Based on how we know someone to be, we make judgments about how to treat them. And often our judgments confirm them and bind them to who they have been so far. We treat those who have stolen as though they are liable to steal from us, we treat those who have lied as though they are likely to lie to us, we treat those who have been violent as though they are likely to violate us.

And perhaps those judgments are well and good as they are. Of course, we have to be able to know and judge the world as it is and has been in order to know how to live and act in it. The future must  follow out of the past. If we treated liars like honest people, or believed naively that thieves would respect our property, the world would fall apart.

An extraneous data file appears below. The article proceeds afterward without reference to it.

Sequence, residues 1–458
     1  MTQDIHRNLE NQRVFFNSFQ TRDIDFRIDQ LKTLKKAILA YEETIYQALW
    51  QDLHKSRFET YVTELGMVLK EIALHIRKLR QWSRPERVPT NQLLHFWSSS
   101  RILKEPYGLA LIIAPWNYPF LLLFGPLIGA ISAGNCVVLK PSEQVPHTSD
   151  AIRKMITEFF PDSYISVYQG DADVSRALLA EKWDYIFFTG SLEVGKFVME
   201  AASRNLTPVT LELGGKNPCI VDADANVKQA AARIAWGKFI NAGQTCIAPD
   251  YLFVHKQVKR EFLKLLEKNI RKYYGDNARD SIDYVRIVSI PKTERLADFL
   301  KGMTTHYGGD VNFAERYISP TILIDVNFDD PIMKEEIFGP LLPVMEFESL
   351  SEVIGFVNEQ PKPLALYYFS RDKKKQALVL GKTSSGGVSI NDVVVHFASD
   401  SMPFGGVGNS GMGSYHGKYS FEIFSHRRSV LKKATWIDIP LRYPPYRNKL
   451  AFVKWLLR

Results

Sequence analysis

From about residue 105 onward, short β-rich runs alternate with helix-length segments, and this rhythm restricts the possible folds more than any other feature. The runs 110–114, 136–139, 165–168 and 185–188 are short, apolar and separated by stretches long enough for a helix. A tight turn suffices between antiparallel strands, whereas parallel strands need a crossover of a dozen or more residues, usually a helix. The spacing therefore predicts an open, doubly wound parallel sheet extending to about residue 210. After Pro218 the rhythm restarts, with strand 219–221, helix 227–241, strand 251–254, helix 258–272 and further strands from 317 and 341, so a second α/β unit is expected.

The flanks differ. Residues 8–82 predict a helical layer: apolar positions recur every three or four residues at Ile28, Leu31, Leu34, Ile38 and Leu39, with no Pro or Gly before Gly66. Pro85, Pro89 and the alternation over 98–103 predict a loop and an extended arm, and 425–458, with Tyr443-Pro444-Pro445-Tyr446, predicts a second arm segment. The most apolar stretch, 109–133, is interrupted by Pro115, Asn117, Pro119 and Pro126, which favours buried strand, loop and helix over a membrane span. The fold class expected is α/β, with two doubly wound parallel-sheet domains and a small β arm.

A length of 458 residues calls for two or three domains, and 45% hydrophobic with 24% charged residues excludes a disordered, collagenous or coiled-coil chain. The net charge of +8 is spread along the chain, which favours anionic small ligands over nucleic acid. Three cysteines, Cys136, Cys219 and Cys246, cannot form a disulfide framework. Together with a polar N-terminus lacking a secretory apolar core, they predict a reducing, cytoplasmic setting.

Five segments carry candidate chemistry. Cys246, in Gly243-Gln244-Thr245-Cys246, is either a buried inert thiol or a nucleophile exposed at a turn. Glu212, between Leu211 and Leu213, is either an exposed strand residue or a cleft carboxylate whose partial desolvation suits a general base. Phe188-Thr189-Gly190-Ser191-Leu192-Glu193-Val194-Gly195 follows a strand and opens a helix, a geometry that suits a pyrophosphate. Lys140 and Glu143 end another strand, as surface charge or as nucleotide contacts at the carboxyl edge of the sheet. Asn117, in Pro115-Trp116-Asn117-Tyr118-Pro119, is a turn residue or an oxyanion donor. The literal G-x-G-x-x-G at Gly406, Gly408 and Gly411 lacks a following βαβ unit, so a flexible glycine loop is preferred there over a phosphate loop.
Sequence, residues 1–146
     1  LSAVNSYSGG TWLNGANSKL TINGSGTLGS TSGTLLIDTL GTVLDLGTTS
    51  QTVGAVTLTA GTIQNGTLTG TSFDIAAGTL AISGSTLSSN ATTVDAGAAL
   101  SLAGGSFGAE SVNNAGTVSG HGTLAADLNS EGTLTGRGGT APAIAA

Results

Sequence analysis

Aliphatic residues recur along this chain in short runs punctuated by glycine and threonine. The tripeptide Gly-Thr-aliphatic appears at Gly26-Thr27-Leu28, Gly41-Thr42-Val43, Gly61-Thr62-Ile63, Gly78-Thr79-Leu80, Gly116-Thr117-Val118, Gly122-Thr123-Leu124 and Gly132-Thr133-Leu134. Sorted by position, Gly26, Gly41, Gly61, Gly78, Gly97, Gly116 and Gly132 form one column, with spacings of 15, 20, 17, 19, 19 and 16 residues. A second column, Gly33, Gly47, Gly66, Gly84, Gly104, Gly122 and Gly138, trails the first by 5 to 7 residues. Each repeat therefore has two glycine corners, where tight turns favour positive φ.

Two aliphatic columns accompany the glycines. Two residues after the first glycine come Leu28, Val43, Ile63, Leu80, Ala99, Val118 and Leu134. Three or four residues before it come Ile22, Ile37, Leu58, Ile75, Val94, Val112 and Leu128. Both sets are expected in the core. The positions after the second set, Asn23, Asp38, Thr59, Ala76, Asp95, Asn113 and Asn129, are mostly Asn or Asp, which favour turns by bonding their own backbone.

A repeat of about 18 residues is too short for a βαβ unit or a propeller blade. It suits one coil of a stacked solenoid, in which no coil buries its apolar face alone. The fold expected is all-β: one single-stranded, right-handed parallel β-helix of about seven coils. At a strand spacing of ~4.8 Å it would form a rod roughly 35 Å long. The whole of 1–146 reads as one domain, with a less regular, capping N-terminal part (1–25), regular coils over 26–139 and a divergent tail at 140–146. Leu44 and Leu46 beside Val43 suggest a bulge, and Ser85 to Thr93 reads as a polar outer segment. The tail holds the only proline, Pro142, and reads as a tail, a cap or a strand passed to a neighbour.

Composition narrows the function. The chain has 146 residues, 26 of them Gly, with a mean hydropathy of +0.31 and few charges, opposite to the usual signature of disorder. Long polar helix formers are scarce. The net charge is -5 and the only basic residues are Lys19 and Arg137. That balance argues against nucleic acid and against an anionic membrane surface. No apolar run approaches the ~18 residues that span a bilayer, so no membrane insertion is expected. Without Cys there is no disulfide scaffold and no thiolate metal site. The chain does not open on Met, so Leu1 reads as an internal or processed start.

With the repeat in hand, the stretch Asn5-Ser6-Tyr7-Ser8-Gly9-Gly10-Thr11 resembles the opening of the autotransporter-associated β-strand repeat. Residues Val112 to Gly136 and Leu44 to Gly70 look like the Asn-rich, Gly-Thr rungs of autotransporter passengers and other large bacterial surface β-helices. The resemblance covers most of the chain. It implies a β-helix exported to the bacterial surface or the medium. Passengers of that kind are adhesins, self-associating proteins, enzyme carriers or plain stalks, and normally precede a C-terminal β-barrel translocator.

But it’s all too easy to read people’s past and project their future for them, to bind them and hold them to their past. She hurt me, and therefore I should treat her as a person who will hurt me. He lied to me, and therefore I must treat him as a person who will lie to me. In a purely Newtonian world, where all we are concerned with is efficient causes and God has been bracketed out of the picture, maybe this is correct. An object set in motion will continue unabated until acted upon by another force. A liar will continue lying until an opposing force sets him in a different direction. And in a world of random, meaningless motion with no ultimate direction, one should perhaps be skeptical that the out of the grand fog of meaninglessness the right power will come along to change people for the better. (Although even the words “right” and “better” have little meaning in such a world.) Random chance may turn a liar into an honest person, but random chance is not something we should rely upon in our day-to-day calculations.